Spur 86 and several other drafts, (a total of about 1600 men), were billeted on pier 92 in the Hudson River awaiting transportation to Virginia. For two weeks, we waited aimlessly. There was no one in charge and no one seemed to know what we were doing there, when we would leave or what was to become of us. The Queen Mary docked at the adjacent pier to begin loading troops bound for Europe. In the days that followed, we were issued kaiki combat gear including boots, helmet, heavy outerwear, gas masks and survival equiptment, then one afternoon, without prior notice, without even a check of the roster, and without an opportunity to say goodbye to our friends, our entire group was marched unto the Queen Mary with an army regiment. It was Palm Sunday, 1944. That evening we were underway and 4 days later arrived in Scotland. For 3 more days we lingered on the ship as she lay at anchor in the Firth Of Ford, awaiting direction that would explain our being there. When, finally we disembarked, we were taken to an un-used CeeBee camp in Roseneath. Our seabags did not follow us. We had no change of clothing, not to mention a place to sleep, other than on raw, rusty springs without bedding, and as we were to find out in the next couple of hours, no provision to feed us. A Red Cross truck came by the next morning and passed out K-rations. Two or three days later, our seabags were delivered and we began to organize ourselves into groups of 16 or so based on the number of bunks in a quonset hut. Still, there was no Naval officer or anyone else in charge. We had no regular mess. The Red Cross, or the Army, came once a day to feed us (C-rations). Finally, after two weeks of unsupervised free time officers came upon the scene and asked for a hundred volunteers for a decidedly dangerous, but heroic detail, promising all who volunteered a quick return to the States and in most cases, meritious and promotional rewards. (The fate of those volunteers and especially of a dear boot camp friend of mine, is quite another story.). Eventually Naval bureaucracy caught up with us and each day new lists wereposted assigning us alphabetically to specific groups and told to stand by for further direction. We didnt know it then, but our group, sixteen of us, was assigned to an LST and when all the group selections were made, we were boarded on a train to Southhampton, England, where we were to meet our assigned ships,- again, without provision for mess other than a K-ration. to tide us over The trip took two days ! We arrived in the early AM and were herded into a large fenced in field, there to await transfer to our ships. The problem was that the ships could not come into the hards until night fall because of security reasons and we, of necessity, had to remain in the field without cover until then. It was cold and damp. it rained and drizzled and somewhere beyond sight but within hearing, anti aircraft guns popped and bombers droned. There were no meals and the day seemed to last forever,- - for us, truly - the Longest Day.#148; At one AM we were driven to the harbor and watched as a big lumbering, clumsy looking ship made its way in the darkness onto the hard concrete ramp. As it approached, its bow opened up and a massive loading ramp came down. It was quite a sight, I had never seen anything like it before nor had I had any idea of what it was. I was amazed.! At two AM we went on board exhausted, relieved that at last we were where we were supposed to be. And surprise of all surprises, awaiting us, in spite of the hour, were hot showers and a turkey dinner. The Captain welcomed us aboard and explained that he was aware of our ordeal and sorry for the delay in bringing the ship in. He had ordered the cooks to prepare the special dinner and directed the chief engineer to open the fresh water showers just for us, To make our welcome complete he advised and allowed us to sleep in till mid day. And so it was, that we became shipmates of, and part of the crew of the LST 279. The concern and compassion of the captain (Lt. James T. Beard) had created a bond that night between his new crewmen, ships company and his ship, that lasted through-out the entire European tour of duty. Less than a month later, we had our first taste of combat, a torpedo attack (which missed) on our return from beaching maneuvers on the southwest coast of England. A month after that, we were in the vanguard of the Normandy invasion.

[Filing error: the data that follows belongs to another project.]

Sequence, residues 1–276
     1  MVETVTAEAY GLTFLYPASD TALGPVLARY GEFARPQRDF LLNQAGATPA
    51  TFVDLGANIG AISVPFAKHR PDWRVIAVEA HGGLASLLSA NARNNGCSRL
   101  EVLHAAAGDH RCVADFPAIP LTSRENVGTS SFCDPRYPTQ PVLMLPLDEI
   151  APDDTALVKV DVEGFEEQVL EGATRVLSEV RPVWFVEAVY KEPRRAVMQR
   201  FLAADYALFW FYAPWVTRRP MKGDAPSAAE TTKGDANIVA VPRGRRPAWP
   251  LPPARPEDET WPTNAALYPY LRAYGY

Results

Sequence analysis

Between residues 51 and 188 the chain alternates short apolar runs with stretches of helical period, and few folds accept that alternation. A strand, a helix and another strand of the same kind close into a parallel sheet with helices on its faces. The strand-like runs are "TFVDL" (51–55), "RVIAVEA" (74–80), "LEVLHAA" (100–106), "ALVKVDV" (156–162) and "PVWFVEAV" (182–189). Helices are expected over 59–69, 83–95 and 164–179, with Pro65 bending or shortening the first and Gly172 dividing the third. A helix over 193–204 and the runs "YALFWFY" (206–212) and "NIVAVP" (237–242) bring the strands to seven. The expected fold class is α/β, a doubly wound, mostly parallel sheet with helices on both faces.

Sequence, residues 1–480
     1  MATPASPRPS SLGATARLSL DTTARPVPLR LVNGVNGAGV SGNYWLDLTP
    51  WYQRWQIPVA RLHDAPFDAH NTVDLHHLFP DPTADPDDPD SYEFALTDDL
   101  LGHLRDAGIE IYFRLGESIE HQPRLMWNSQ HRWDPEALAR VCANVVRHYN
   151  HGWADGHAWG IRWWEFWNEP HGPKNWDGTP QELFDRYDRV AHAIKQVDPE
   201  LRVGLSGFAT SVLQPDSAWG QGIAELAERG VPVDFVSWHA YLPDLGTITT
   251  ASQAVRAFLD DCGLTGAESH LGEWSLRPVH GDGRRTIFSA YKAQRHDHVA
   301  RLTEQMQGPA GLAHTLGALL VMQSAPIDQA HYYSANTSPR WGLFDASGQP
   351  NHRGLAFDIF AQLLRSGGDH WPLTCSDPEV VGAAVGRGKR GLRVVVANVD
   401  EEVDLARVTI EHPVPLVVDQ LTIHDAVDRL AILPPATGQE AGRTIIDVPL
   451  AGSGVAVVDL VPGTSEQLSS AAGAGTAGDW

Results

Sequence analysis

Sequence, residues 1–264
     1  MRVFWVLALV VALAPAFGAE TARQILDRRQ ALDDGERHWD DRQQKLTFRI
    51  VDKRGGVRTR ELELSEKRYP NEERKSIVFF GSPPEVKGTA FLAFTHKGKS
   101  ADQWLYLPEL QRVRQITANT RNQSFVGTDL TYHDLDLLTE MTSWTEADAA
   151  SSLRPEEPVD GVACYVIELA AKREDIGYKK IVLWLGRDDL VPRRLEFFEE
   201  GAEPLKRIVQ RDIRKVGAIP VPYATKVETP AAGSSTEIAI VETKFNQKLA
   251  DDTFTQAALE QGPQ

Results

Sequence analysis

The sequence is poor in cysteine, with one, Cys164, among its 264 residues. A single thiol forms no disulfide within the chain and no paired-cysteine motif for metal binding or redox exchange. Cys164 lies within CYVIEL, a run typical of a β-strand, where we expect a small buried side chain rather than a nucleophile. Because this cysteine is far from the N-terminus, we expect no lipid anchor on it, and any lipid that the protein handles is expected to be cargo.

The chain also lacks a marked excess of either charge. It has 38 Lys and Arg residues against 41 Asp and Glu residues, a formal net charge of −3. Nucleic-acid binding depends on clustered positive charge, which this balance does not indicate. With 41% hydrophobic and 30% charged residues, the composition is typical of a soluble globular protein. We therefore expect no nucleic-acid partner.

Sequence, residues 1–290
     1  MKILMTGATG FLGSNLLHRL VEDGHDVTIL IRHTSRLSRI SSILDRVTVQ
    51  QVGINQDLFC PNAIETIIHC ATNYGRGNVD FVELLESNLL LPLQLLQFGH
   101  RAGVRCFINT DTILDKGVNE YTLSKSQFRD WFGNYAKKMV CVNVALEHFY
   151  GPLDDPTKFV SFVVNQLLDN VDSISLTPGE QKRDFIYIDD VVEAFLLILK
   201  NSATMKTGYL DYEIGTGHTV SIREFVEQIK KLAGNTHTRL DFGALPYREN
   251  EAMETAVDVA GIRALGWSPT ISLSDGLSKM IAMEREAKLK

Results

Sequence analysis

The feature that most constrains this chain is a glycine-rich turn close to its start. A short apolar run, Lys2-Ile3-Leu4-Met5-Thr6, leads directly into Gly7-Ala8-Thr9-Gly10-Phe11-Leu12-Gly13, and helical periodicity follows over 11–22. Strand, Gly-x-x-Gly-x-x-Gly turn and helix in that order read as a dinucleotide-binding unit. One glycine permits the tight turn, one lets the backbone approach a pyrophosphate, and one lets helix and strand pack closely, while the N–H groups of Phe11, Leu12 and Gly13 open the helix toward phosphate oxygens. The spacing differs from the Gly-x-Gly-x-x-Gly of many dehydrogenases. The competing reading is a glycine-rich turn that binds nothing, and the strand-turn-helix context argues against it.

As is evident in this narration, we who joined the 279 in England had no training other than 4 weeks in boot camp, yet in the weeks before the invasion, we learned quickly and became a functional part of the crew, earning the respect and admiration of the old salts already there. I can honestly say, that as a crew, we were content. Relations between officers and men were good, amenities plentiful and rules relaxed for the comfort and well being of all. Altho we considered ourselves to be in the dungaree navy we were, never-the-less, a proud bunch. As for aviation machinists school, it never happened. I have no regrets, Im rather grateful that as it turned out, I came through the war without harm and equally important,. . as a man! The lessons I learned and the experiences I gained have stood me in good stead all my life. To this day, I am proud of having served in the US Navy.
Years later, matured and mellowed, the realization of reality became apparent. The unexplained and outwardly hap-hazzard schedule of events in those months before June 6th, was probably part of an overall deception conjured up to insure secrecy and the success of operation "Overlord", otherwise known as D Day. With that in mind, I can readily justify the inconvienences, (minor on my part). and believe the results more than justified the means.
----- Bob Benvenuto
Biography of Bob Benvenuto, LST 279, USN
Bob Benvenuto, Gangway Watch, USS Berkley County, LST 279
LST 279 and Christmas `44, Bob Benvenuto, LST 279, USN
USS LST 279 Deckload, English Channel, Fall, 1944
USS LST 279 Enroute to Normandy, English Channel, Fall, 1944
LST 279, High and Dry, Utah Beach, Normandy, Summer, 1944
USS LST 279 Stern Anchor, Weymouth, 1944
LST 279, Unloading, Utah Beach, Normandy, Summer, 1944
Some of the Crew on Deck, USS Berkley County, LST 279
USS Berkley County, LST 279 - in 1954
USS LST 279 - Captain's Inspection, 1945
USS LST 279 - Weymouth England, 1945
Wartime Birthday, Bob Benvenuto, LST 279, USN
White Caps, Watch Caps and Dress Blues, Bob Benvenuto, LST 279, USN